- Super simple guide to Git
- Git basics
- Command line basics
- In depth Git documentation and video tutorials
Chapter Two: States, SSH Keys, and Reverting Commits
In chapter one of this guide, I introduced you to how to use Git with Shopify themes. I explained the importance of Git, how to install it, and covered the process of making your first commit.
This chapter will focus on more Git concepts that help developers take advantage of its power. We’ll take a look at states, SSH keys, and how to revert a commit. Because Git has so many powerful features, I’ve chosen to dive into the ones I think most beginners will use, and need to understand in order to successfully work with teams.
You might also like: The 20 Best Visual Studio Code Extensions for Front End Developers.
Many other version control systems just track changes to files over time. The key difference with Git is that it tracks data more like a series of snapshots of the entire file system.
With Git, each commit is like saving the state of your project — think of it like a snapshot of what all your files look like at that given moment. This becomes particularly impactful when you take advantage of branching, which we’ll talk about later.
The way Git tracks these changes is by assigning a special 40-character string called a SHA-1 hash. For each snapshot or save point via commit with Git, there is a unique SHA-1 hash associated with it. It looks something like this:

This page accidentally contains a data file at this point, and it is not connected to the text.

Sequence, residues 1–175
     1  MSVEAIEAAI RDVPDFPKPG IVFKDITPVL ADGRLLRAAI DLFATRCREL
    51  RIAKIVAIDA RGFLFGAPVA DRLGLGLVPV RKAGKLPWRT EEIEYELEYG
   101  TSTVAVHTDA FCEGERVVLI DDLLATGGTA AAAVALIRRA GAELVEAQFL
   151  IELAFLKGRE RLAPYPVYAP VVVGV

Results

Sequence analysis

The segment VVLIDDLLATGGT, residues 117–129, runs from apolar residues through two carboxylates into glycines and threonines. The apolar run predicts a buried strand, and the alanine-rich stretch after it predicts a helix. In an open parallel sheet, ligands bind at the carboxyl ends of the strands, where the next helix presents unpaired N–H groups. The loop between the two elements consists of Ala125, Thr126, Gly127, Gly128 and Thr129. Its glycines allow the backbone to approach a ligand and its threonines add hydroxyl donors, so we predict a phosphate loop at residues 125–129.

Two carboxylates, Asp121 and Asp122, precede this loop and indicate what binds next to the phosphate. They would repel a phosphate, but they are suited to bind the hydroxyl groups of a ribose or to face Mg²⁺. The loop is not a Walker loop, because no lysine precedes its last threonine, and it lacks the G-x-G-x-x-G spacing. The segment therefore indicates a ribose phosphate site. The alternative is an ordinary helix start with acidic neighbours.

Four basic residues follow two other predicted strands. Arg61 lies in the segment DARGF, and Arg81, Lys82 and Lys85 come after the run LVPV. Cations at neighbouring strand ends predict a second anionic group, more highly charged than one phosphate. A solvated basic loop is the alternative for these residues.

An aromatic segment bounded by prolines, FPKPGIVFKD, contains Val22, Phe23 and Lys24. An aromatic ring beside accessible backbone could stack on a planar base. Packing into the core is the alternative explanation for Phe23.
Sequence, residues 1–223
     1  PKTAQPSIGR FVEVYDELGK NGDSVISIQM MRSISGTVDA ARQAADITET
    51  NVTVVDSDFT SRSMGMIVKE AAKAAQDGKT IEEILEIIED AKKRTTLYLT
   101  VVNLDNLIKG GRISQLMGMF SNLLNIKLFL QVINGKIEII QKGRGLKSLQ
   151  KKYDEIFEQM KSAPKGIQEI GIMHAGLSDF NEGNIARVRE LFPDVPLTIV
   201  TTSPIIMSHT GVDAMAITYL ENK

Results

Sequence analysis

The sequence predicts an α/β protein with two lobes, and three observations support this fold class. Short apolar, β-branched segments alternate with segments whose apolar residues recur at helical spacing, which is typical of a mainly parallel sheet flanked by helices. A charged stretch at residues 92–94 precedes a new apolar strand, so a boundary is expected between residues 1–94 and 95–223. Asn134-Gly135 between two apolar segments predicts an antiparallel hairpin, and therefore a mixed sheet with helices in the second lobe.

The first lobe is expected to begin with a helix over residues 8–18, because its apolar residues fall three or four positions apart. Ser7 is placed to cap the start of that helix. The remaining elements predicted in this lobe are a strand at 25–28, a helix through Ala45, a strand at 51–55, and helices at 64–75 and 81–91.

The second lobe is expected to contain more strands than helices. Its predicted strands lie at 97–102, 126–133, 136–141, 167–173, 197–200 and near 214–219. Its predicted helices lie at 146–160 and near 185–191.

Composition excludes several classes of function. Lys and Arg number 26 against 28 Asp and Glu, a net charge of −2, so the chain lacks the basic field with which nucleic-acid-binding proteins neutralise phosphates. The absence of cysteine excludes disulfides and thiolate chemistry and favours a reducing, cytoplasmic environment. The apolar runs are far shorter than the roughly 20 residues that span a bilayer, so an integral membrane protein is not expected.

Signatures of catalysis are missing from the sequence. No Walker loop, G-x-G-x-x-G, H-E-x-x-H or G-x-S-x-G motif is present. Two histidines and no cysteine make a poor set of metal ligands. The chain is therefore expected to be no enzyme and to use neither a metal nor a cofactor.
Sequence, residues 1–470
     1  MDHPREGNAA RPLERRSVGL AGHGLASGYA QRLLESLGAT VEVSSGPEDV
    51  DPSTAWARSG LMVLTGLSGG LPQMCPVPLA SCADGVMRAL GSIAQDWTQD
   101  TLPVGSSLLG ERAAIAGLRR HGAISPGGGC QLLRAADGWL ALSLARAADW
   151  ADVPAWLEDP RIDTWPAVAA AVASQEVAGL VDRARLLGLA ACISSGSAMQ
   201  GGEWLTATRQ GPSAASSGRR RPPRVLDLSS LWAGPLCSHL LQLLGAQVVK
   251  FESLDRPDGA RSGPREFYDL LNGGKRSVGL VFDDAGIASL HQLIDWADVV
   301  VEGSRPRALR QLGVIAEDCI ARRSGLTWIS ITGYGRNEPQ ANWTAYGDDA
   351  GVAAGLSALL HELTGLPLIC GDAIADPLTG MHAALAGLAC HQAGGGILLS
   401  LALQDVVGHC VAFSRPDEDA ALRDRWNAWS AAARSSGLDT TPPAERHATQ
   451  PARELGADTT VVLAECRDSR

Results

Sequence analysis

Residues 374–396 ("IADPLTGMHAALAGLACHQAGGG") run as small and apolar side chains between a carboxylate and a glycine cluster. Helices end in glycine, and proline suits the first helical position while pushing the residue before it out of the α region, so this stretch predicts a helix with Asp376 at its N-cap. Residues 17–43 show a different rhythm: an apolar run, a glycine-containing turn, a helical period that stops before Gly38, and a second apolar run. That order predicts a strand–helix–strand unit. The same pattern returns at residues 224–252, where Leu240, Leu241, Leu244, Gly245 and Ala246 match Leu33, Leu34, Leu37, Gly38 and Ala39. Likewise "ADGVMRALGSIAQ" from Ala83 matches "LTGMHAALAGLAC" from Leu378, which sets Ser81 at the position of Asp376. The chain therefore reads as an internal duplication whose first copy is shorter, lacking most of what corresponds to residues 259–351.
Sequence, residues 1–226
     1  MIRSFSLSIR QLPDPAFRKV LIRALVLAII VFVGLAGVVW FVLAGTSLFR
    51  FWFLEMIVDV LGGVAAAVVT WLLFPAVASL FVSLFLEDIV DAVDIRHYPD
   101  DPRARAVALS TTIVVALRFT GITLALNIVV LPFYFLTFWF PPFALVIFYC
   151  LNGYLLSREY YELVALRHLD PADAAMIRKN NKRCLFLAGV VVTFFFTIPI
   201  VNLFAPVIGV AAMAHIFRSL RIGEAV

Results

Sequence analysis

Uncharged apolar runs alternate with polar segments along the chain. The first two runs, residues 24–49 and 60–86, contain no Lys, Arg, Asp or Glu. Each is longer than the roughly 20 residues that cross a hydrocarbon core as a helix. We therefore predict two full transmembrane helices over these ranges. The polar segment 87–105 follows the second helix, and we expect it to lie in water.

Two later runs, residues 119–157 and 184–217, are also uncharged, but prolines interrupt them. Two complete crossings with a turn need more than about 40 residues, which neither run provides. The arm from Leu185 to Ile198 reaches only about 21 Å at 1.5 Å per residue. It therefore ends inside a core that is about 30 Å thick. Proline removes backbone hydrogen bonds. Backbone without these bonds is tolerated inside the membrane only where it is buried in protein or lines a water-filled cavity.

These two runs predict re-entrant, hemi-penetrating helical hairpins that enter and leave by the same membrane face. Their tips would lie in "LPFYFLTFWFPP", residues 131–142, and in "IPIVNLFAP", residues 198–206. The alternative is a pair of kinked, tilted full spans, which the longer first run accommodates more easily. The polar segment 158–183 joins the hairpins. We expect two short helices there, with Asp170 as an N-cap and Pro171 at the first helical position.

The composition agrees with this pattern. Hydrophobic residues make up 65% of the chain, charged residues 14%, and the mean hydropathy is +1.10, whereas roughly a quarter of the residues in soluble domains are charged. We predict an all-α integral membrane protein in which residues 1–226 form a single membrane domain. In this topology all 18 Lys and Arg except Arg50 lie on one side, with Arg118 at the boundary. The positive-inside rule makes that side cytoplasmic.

To see the SHA-1 hash for your commits, simply type the following into the terminal in the project directory you are tracking with Git already:
You should see a list of commits, with their SHA-1 hash, author, date, and commit message. You can type
q to exit the list of commits, which is opened inside a pager program in the command line (which makes the commits scrollable).
When using Git, it’s important to understand the difference between tracked and untracked files.
Tracked — Tracked files are those that were in your last commit or snapshot. Git is aware that they exist, and is following any changes that might be made to them.
Untracked — Untracked files are those that are not being tracked by Git. Often, these are new files that have been added, but we haven’t told Git that we want to track them. You can have Git track these files and set their state to staging by using
git add <filename>.
You’ll always need to
add new files for Git to track, before you can make a commit that includes those files being added to the repository.
There are three states in Git for tracked files. These include:
Modified — Modified files are those that have been modified, but not committed to your database yet (saved in Git history).